Wednesday, 8 August 2018


An Update on the career

Southwest Queensland

I am available for the rest of the year as a contract wellsite geologist Australia wide.

The last completed contract was with Real Energy Corporation, on a two well campaign program, appraising the Tamarama field, southwest of Eromanga, Queensland, about 4 km west of the Cocos field and north of the Mt Howitt field. I had been on quite a few wells in the district since the eighties and nineties, and welcomed the chance to do some more drilling in the area after many months out of the field and work.

The job started early April, and was completed by the end of May, doing the usual wellsite geologist chores, microscopy/fluoroscopy, reports, predicting formation tops, overseeing the mudloggers and the wireline contractor. 
The rig was a super single, very effecient drilling, but tripping- man oh man- so just as good as a triple anyway. 
According to the exploration geologist, it was a tough but good little job, and the company looks forward to getting the field developed. 
It was a very good work environment, the people all great at the jobs, and besides some little usual hiccups to be expected on any drilling/logging job, I enjoyed the opportunity and experience out there. helped to have the intenet on tap too! 
Seven weeks away- at one stage towards the end I thought I can stay out here for another well- next day- noo, not really, a break would be good.

To start the job, I flew to Charleville via Brisbane from Melbourne, and drove to the wellsite via an overnight at Eromaga pub. It was interesting to see the development of gas extraction fields west of Toowoomba to Eromanga- there is a lot of energy developmet to do yet out there. Pass it on, being a geologist and having a window seat at twenty thousand feet- or any altitude really- is one of the best seats for a geologist- or wanna be geomorphologist too!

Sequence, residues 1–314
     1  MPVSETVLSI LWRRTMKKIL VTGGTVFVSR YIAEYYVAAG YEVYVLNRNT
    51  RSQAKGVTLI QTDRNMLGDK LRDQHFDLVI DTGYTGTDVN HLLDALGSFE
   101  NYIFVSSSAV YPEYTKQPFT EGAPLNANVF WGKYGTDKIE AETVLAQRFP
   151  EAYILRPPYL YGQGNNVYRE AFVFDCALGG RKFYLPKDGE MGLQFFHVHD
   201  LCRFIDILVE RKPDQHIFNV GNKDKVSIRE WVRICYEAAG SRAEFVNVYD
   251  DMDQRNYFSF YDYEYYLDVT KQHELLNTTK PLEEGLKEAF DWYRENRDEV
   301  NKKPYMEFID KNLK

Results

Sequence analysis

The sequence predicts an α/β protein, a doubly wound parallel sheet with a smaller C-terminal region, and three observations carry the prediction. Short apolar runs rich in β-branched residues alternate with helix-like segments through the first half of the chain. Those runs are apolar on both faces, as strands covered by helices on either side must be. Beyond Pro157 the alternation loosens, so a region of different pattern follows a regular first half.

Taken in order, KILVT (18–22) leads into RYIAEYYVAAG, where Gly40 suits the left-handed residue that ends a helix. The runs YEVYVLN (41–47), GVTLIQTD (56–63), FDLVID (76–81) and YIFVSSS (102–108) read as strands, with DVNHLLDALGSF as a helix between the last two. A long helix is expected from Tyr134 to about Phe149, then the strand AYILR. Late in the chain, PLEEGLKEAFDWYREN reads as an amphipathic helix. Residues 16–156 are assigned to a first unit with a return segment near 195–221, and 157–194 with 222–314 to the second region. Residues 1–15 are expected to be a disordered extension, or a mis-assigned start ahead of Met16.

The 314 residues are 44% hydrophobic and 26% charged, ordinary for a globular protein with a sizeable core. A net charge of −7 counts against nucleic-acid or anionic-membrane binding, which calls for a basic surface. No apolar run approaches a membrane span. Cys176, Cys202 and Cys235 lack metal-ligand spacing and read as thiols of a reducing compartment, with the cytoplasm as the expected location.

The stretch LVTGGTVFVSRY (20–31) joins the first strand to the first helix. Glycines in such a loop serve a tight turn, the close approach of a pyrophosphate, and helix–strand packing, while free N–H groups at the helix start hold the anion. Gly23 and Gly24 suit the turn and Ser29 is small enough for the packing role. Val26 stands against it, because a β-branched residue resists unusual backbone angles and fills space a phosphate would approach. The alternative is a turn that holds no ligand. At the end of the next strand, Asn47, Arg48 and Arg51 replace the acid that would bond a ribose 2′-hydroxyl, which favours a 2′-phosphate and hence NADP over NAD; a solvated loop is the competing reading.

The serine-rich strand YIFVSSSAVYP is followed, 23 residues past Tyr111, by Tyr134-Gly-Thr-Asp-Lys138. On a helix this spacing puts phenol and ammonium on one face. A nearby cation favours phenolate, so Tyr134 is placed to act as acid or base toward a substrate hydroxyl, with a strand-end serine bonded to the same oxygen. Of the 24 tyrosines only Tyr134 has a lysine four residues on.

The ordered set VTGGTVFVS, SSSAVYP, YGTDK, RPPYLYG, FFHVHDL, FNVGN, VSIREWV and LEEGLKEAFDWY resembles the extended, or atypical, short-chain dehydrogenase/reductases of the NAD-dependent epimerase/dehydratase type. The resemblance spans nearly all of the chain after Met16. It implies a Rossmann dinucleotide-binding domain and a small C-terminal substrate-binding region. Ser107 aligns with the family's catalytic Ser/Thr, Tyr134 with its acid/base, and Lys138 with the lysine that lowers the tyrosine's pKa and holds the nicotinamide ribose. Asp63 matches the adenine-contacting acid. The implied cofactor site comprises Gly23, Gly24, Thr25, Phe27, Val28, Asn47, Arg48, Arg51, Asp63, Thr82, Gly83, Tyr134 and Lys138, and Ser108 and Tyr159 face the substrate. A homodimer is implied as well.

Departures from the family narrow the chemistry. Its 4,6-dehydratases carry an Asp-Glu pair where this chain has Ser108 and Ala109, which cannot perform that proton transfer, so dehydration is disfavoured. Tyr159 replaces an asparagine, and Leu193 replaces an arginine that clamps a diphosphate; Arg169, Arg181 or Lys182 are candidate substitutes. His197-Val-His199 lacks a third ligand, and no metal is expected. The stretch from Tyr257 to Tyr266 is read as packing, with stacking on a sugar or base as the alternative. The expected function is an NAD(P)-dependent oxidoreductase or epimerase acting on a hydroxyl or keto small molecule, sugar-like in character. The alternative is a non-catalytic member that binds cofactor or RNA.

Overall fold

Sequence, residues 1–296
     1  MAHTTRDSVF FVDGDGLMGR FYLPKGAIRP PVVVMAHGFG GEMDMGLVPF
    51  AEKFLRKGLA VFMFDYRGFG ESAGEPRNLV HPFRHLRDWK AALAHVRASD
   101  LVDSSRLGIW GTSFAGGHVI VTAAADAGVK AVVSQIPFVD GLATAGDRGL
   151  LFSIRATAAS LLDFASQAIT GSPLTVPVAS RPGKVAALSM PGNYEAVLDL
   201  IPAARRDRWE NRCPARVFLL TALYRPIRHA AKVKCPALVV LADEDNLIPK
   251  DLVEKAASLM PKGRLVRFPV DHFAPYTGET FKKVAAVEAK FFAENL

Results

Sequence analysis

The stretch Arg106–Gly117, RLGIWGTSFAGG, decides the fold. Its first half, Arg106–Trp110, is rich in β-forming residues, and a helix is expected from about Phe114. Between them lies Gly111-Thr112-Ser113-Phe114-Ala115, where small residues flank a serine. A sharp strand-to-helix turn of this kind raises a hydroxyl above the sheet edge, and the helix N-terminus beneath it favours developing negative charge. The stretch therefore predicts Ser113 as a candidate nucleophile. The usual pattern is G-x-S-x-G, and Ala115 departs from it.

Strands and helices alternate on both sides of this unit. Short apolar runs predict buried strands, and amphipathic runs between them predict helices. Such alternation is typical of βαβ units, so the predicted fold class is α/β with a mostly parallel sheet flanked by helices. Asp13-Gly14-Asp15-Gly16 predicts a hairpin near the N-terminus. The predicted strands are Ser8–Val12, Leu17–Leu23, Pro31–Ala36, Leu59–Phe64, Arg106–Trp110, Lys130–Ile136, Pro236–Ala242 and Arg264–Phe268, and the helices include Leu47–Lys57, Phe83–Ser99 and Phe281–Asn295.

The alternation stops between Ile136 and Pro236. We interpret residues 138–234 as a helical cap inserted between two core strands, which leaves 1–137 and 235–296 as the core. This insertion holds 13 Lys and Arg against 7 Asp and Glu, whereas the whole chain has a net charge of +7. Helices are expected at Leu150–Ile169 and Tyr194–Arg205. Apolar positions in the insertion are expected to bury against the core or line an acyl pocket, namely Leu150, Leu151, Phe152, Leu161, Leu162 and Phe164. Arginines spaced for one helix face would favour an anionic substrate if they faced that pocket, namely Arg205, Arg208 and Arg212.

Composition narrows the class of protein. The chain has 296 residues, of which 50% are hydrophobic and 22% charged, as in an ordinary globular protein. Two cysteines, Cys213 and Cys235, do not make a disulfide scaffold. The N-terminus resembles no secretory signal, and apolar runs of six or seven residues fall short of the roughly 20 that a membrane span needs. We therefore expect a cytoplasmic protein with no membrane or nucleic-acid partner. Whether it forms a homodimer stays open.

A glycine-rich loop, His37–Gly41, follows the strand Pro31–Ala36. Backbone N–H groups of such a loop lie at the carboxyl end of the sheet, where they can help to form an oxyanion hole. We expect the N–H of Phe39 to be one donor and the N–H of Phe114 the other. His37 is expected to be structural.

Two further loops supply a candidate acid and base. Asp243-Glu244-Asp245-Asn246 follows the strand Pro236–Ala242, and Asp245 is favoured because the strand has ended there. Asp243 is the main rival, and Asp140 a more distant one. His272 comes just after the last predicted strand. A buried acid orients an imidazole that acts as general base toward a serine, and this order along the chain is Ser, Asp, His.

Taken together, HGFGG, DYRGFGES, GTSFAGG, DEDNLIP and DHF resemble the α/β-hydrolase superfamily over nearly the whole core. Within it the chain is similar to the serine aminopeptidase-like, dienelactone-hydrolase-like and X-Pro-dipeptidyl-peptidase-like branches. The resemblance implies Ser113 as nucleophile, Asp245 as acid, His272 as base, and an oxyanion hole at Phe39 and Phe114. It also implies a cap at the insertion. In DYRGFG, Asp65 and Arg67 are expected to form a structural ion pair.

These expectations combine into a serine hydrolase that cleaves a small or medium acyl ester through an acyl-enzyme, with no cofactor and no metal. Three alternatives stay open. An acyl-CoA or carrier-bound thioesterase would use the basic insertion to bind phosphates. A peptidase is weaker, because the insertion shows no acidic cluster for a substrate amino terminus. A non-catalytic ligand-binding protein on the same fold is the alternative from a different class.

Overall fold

As it was mid autumn, the weather was warm to cool day and night, some nights with excellent nightshots.

At Eromanga there is a dinosaur museum, a great plce for a hour or two to visit, with some of the largest ones recovered from a paddock at a nearby cattle station. The bones were stumbled over by the owners son a few years ago, he thought a boulder looked really different from others spread around.

There are some other great places to visit on the time off, including Hells Hole Gorge national Park a real surprise to explore, a few hours drive north.
The highways have plenty of cuttings,  a chance to study the outcrops that were soon to be drilled through with the wells further west.

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